Generalist role 'under threat'

The generalist role of GPs could be lost if the shift of secondary care to the community goes ahead, say UK researchers.

A report on the first year of demonstration sites providing 'care closer to home' has highlighted concerns that some GPSIs will lose their generalist skills while other GPs will become less involved in certain aspects of care.

The comments came from those involved in 30 pilots providing dermatology, ENT, general surgery, gynaecology, orthopaedics and urology.

The services were set up in response to recommendations in the White Paper 'Our Health, Our Care, Our Say', published last year. Following analysis of outcomes from September 2006 to May 2007, the National Primary Care Research and Development Centre (NPCRDC) in Manchester said: 'Comments were made that the development of GPSIs could either up-skill or de-skill existing GPs.

'They could de-skill them by taking existing routine care out of general practice (possibly appropriately) leaving GPs with a more restricted workload.'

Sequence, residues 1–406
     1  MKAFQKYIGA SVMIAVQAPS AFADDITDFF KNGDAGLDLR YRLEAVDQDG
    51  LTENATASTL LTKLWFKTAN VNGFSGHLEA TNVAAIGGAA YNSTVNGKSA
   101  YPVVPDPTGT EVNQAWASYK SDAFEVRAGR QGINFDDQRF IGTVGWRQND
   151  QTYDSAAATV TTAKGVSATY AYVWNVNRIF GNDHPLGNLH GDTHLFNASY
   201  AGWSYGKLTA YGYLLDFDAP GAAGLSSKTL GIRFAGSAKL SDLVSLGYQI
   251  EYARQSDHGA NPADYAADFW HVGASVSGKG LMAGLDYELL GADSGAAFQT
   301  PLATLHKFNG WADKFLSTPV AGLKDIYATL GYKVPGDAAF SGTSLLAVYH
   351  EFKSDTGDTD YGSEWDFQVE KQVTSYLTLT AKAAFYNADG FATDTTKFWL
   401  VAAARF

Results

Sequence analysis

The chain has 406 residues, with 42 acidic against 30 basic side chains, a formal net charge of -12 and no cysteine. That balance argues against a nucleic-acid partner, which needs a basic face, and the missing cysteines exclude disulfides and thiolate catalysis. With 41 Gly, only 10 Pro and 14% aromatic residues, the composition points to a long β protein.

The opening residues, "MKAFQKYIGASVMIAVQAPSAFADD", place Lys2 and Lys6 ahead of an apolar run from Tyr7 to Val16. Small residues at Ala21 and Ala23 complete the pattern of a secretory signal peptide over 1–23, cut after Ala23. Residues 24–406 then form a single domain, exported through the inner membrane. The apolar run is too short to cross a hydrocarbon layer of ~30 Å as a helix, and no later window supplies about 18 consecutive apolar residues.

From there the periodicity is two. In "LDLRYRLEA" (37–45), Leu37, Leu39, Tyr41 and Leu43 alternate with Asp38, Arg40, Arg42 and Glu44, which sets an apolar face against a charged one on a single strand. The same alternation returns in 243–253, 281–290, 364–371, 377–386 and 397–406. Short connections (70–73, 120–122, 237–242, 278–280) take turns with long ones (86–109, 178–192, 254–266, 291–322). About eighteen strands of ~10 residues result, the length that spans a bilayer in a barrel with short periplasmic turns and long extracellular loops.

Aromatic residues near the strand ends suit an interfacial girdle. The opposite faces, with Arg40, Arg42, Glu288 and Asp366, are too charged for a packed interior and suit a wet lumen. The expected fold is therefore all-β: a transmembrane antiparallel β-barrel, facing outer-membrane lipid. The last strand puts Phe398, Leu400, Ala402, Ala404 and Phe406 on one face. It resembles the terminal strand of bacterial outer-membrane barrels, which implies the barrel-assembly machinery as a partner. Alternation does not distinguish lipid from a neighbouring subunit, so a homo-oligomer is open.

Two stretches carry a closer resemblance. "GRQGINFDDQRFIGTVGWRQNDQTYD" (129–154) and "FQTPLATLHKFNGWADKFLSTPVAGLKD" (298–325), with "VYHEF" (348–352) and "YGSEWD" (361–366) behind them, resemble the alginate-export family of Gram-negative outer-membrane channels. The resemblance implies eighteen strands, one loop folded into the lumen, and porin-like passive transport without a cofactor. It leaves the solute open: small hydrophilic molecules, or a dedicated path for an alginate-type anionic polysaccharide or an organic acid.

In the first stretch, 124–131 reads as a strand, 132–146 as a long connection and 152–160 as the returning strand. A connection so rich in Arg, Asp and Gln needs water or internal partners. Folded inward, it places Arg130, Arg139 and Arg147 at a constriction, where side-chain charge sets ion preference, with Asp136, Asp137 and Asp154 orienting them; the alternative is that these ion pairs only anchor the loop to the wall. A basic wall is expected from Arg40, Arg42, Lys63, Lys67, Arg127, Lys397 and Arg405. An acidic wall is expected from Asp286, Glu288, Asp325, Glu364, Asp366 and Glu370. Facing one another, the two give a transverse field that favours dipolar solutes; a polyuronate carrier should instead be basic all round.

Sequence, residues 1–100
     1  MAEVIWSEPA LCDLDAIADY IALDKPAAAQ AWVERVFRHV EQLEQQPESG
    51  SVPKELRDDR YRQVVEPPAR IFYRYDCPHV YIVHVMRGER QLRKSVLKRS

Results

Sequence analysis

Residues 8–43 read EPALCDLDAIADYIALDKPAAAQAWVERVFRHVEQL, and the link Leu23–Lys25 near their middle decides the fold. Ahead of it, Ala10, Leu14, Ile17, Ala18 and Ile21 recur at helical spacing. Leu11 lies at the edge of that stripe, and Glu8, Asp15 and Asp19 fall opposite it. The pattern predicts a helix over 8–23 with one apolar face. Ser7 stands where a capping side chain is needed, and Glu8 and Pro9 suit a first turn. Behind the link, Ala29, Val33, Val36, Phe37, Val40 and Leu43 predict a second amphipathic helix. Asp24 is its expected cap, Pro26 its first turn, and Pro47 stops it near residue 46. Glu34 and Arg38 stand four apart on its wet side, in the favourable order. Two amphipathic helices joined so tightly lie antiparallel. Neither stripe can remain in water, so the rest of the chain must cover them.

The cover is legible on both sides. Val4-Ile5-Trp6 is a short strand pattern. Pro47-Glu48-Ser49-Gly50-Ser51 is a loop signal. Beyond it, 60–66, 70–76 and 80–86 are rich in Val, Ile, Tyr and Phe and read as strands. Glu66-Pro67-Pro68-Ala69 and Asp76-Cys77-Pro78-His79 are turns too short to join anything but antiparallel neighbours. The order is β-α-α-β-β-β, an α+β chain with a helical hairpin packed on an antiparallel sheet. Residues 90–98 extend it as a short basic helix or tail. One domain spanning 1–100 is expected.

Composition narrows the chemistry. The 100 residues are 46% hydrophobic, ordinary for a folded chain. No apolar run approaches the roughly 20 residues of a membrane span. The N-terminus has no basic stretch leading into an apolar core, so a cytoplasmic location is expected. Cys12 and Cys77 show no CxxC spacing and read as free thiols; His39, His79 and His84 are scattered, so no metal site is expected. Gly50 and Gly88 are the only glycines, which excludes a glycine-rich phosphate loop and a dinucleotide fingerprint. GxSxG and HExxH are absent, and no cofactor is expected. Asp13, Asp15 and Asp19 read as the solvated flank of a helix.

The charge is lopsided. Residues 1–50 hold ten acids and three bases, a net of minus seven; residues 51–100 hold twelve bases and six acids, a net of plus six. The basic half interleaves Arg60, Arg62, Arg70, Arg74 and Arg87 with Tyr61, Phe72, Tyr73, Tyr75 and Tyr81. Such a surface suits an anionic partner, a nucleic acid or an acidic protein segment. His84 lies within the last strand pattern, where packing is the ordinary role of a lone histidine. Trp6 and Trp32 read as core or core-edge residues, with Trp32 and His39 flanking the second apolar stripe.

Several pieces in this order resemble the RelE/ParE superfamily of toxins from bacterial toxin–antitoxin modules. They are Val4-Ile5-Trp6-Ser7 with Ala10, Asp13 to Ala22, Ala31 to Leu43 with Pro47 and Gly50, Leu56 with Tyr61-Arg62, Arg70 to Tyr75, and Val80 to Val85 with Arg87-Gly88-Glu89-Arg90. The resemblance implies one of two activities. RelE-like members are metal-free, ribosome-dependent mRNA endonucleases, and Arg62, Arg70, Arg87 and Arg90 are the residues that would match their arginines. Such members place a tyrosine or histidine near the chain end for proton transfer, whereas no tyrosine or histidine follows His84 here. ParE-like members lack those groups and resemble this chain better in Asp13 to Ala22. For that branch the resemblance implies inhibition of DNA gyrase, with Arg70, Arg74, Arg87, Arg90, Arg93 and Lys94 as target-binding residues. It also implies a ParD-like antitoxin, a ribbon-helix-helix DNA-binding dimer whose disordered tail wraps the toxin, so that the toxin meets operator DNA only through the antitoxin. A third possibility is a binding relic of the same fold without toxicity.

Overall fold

Dr Richard Vautrey, GPC deputy chairman, agreed that the generalist role may be at risk.

'If specialism is seen as more worthy than a generalist approach, there is a risk of this happening,' he said. 'There's a real tension about how you preserve the generalist role and support those who want to be a specialist.

'The key is to be generalist first, specialist second.'

RCGP vice-chairman Professor Nigel Sparrow also called for the preservation of the generalist role.

'GPSIs supplement their generalist skills with more specialist knowledge,' he said 'They are GPs for the majority of the time; the specialist role is just a small part of their weekly work.'

NHS Employers' deputy director Sian Thomas reportedly said this week that there was no future for GPSIs and care in the community should be carried out by hospital specialists.

This was despite the White Paper saying that moving specialist care into the community would free up consultants' time.

Despite concerns about conflict between consultants and GPs at the pilot sites, in a DoH report based on the NPCRDC findings, health minister Ben Bradshaw said the outcomes were 'powerful levers for change'.


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